The decompression code then locates the start of physical memory. On most modern platforms this is done with the Kconfig-selected code
AUTO_ZRELADDR, which means a logical AND between the program counter and
0xf8000000. This means that the kernel readily assumes that it has been loaded and executed in the first part of the first block of physical memory.
There are patches being made that would instead attempt to get this information from the device tree.
TEXT_OFFSET is added to the pointer to the start of physical memory. As the name says, this is where the kernel
.text segment (as output from the compiler) should be located. The
.text segment contains the executable code so this is the actual starting address of the kernel after decompression. The
TEXT_OFFSET is usually
0x8000 so the kernel will be located
0x8000 bytes into the physical memory. This is defined in
0x8000 (32KB) offset is a convention, because usually there is some immobile architecture-specific data placed at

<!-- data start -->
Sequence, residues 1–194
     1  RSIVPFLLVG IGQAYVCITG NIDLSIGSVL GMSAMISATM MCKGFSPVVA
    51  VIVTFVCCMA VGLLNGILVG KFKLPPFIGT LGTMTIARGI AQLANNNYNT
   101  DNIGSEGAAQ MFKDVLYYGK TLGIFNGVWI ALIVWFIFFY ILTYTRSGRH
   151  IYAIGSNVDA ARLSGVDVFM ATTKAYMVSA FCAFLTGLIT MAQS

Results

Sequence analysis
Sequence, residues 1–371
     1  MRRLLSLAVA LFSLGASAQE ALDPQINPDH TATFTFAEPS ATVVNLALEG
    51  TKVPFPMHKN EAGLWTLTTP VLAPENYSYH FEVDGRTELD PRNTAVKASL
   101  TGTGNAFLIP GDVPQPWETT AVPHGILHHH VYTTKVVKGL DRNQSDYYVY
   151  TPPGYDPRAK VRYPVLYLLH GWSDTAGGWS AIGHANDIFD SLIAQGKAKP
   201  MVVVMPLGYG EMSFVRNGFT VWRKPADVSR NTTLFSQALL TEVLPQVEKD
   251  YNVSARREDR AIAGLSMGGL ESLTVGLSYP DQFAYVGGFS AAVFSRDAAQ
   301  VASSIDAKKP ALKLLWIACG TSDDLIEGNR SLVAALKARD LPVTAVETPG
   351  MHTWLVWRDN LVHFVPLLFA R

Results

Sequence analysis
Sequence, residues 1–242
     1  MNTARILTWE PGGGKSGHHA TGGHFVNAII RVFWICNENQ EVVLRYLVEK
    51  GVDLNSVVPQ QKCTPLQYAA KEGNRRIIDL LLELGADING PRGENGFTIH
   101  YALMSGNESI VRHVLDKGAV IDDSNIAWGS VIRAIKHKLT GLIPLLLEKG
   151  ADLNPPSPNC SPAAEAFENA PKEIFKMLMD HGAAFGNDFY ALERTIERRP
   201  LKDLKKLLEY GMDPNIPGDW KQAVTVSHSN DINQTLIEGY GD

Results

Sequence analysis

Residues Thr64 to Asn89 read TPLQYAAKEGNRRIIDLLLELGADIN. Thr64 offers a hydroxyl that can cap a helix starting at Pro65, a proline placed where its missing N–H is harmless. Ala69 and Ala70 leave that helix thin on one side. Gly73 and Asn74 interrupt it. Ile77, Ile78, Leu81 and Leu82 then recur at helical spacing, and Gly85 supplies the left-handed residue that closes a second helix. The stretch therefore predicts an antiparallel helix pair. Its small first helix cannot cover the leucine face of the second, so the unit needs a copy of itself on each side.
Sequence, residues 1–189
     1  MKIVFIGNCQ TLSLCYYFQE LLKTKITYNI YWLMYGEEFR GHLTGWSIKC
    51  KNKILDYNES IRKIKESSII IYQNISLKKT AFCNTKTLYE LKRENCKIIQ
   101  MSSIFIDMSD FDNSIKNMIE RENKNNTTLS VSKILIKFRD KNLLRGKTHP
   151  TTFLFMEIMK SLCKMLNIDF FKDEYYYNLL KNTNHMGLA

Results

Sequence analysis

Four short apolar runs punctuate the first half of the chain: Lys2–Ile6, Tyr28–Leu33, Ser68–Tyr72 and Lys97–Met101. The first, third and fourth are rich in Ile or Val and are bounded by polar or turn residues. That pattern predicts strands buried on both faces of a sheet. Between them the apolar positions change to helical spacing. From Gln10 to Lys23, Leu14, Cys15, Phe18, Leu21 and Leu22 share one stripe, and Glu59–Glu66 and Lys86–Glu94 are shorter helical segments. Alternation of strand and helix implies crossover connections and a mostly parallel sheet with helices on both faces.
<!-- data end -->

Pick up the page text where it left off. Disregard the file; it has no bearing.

0x00000000 such as interrupt vectors, and many elder systems place the ATAGs at
0x00000100. There also must be some space, because when the kernel finally boots, it will subtract
0x5000 for LPAE) from this address and store the initial kernel page table there.
For some specific platforms the
TEXT_OFFSET will be pushed downwards in memory, notably some Qualcomm platforms will push it to
0x00208000 because the first
0x00200000 (2 MB) of the physical memory is used for shared memory communication with the modem CPU.
Next the decompression code sets up a page table, if it is possible to fit one over the whole uncompressed+compressed kernel image. The page table is not for virtual memory, but for enabling cache, which is then turned on. The decompression will for natural reasons be much faster if we can use cache.
Next the kernel sets up a local stack pointer and
malloc() area so we can handle subroutine calls and small memory allocation going forward, executing code written in C. This is set to point right after the end of the kernel image.
Compressed kernel in memory with an attached DTB.
Next we check for an appended DTB blob enabled by the
ARM_APPENDED_DTB symbol. This is a DTB that is added to the
zImage during build, often with the simple
cat foo.dtb >> zImage. The DTB is identified using a magic number,
If an appended DTB is found, and